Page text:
Red Ferarri teaches me a thing or two about Italian.

UMBRIA, Italy–In the right circumstances any one can learn anything. Expensive math software and games to make math “fun” for kids? Be serious. Get the a deck of cards and teach them to play Blackjack. As a kid growing up in the heart of the Bible Belt we daily rode the big yellow buses down country roads, hogs lots and amber waves of grain as far as you could see any direction. And we never looked up. We were slapping cards on those hard green seats as fast as we could. What did you think was going on in those buses? No, we were not studying or reading back issues of Amish Living.

Every year, it would surprise and amaze me to watch the tiny innocent kendy-garters timidly mount those steps to Vegas on Wheels. Clueless Day One. Cold-eyed and world-wise Day Two. Knowing their numbers and doing addition and subtraction at warp speed so they could Get in The Game. Sad, really looking back on it.
Ferraris and school buses
And yet, I’m like that with studying and/or learning Italian. If the subject, noun, predicate, has a car or food-like connotation attached to it, I will go to any length to understand it. Case in point is a note I just found scribbled to myself on my computer sticky notes. About the red Ferarri in the previous blog. We’ve got one very spiffy friend who lives in a boffo, art-filled penthouse and dresses better when he’s slumming than I do when I’m say getting married. He’s funny as a crutch and yet his Italian is so hyper educated, eloquent and refined. I always feel I understand every word his says. So, I was thrown when he bopped out of a car as I was gawking at the Ferarri and without slowing down, pointed at it and said “una figata, pure” – wagging his eyebrows like Grocho as he delivered his line.

Well, I thought. And thought about it some more. And when I got done looking through my limited mental banks and dictionaries I wrote our friend Steve. He knows everything. And for a guy of non-italian persuasion he’s an aberrant freak of nature. He claims he’s from California – but I’ve had Italians tell me HIS Italian is so good they assume he is a native born Italian. And then they give me The Look. (Implying of course, “If HE can speak Italian without murdering it, what IS wrong with you, Stew?”) Steve could care less about cars but he hadn’t heard this particular word used this way. But he dug in. And here, courtesy of Steve, is your mini Italian language lesson for the day.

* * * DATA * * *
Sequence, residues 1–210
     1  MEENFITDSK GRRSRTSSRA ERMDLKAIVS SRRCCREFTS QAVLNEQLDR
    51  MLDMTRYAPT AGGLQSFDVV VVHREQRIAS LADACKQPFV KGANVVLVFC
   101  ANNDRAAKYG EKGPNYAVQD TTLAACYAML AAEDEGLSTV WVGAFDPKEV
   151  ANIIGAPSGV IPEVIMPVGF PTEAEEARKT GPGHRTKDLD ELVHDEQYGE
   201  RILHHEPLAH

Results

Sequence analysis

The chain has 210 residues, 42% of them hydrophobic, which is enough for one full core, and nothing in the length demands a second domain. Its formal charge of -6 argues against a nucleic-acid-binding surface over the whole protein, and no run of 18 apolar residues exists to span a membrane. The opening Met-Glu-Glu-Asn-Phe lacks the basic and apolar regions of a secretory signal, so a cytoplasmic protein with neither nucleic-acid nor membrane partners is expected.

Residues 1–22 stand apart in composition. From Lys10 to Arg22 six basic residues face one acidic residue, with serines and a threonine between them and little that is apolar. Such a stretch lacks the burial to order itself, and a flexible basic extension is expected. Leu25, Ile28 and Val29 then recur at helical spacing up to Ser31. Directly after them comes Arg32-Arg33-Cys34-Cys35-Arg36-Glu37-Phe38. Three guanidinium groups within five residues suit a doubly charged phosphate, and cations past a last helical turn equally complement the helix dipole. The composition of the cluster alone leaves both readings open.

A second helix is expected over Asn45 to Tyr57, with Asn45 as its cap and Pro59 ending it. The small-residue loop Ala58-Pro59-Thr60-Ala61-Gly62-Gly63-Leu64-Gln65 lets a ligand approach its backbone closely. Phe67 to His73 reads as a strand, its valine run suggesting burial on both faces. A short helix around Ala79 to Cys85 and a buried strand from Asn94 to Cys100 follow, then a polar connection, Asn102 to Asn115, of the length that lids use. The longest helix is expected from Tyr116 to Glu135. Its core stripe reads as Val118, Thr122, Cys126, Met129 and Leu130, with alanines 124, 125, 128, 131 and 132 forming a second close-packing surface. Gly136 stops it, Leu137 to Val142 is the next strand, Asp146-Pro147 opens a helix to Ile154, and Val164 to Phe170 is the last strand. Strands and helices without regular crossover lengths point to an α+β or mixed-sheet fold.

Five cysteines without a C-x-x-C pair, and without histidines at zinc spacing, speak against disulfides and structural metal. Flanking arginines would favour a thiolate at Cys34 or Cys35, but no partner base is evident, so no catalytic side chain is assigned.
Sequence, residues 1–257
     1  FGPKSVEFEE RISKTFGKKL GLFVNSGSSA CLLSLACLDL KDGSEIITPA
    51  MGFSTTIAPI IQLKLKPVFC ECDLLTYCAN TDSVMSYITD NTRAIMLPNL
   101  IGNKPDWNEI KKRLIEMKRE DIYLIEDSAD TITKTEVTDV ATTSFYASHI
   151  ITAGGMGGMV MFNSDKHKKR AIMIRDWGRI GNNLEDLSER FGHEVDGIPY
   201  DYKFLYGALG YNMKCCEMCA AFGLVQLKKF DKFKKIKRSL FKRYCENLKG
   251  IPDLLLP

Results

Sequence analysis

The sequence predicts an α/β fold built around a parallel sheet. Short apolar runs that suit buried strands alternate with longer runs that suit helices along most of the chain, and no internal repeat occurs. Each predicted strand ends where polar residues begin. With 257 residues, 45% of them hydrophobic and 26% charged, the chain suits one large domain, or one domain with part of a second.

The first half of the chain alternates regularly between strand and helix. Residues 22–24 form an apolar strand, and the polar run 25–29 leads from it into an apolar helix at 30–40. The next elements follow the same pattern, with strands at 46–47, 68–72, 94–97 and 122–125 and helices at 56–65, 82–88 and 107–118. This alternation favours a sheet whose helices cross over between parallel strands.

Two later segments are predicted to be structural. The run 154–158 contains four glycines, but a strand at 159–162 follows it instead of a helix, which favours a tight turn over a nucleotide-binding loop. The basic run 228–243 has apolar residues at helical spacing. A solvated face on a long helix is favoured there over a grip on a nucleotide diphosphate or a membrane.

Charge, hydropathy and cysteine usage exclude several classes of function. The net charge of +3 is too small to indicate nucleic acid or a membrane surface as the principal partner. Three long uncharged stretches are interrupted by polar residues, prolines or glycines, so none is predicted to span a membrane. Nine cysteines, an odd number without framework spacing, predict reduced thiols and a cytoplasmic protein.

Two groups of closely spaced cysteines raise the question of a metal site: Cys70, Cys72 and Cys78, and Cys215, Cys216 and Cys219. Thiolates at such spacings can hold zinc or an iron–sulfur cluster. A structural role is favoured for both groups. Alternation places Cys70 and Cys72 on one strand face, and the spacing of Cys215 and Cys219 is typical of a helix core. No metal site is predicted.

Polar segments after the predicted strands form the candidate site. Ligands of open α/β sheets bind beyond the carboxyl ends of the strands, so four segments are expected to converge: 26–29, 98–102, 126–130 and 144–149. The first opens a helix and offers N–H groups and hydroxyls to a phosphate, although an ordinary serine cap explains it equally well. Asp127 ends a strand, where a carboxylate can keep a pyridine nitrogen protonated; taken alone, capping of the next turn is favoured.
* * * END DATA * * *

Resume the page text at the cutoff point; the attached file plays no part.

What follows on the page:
Hey Styoo

So, figo/figa is slang for “cool” – so una figata is a cool thing. Attenzione, pero, because figa is ALSO SLANG FOR A FEMALE PART!! The opposite, sfigato is also a useful word, meaning pathetic, loser-ly. Che sfiga, means what bad luck or how pathetic. Quello sfigato di tuo fratello = that loser brother of yours.

Don’t quote me on this, (oops, sorry Steve, too late) but I think the original word was fico – same as the word for a fig tree, and the slang word meaning cool grew out of the southern pronunciation of fico – you know how they “vocalize” consonants, like p turns to b, c turns to g, etc.

Just looked up “figata” online, and it turns out, per several sites, that it also means “it’s a deal.”
That must have been what our friend meant by “è una figata pure.” “And it was a great deal, too.” Meaning he got the Ferarri cheap?

Ciao, ragazzi,


Thanks, Steve. So, the next time you hear someone say figata it could be they are talking about something cool or a cool deal.

OK, there’s the bell. That’s all for today. Class dismissed

See you in Italy,

Stew Vreeland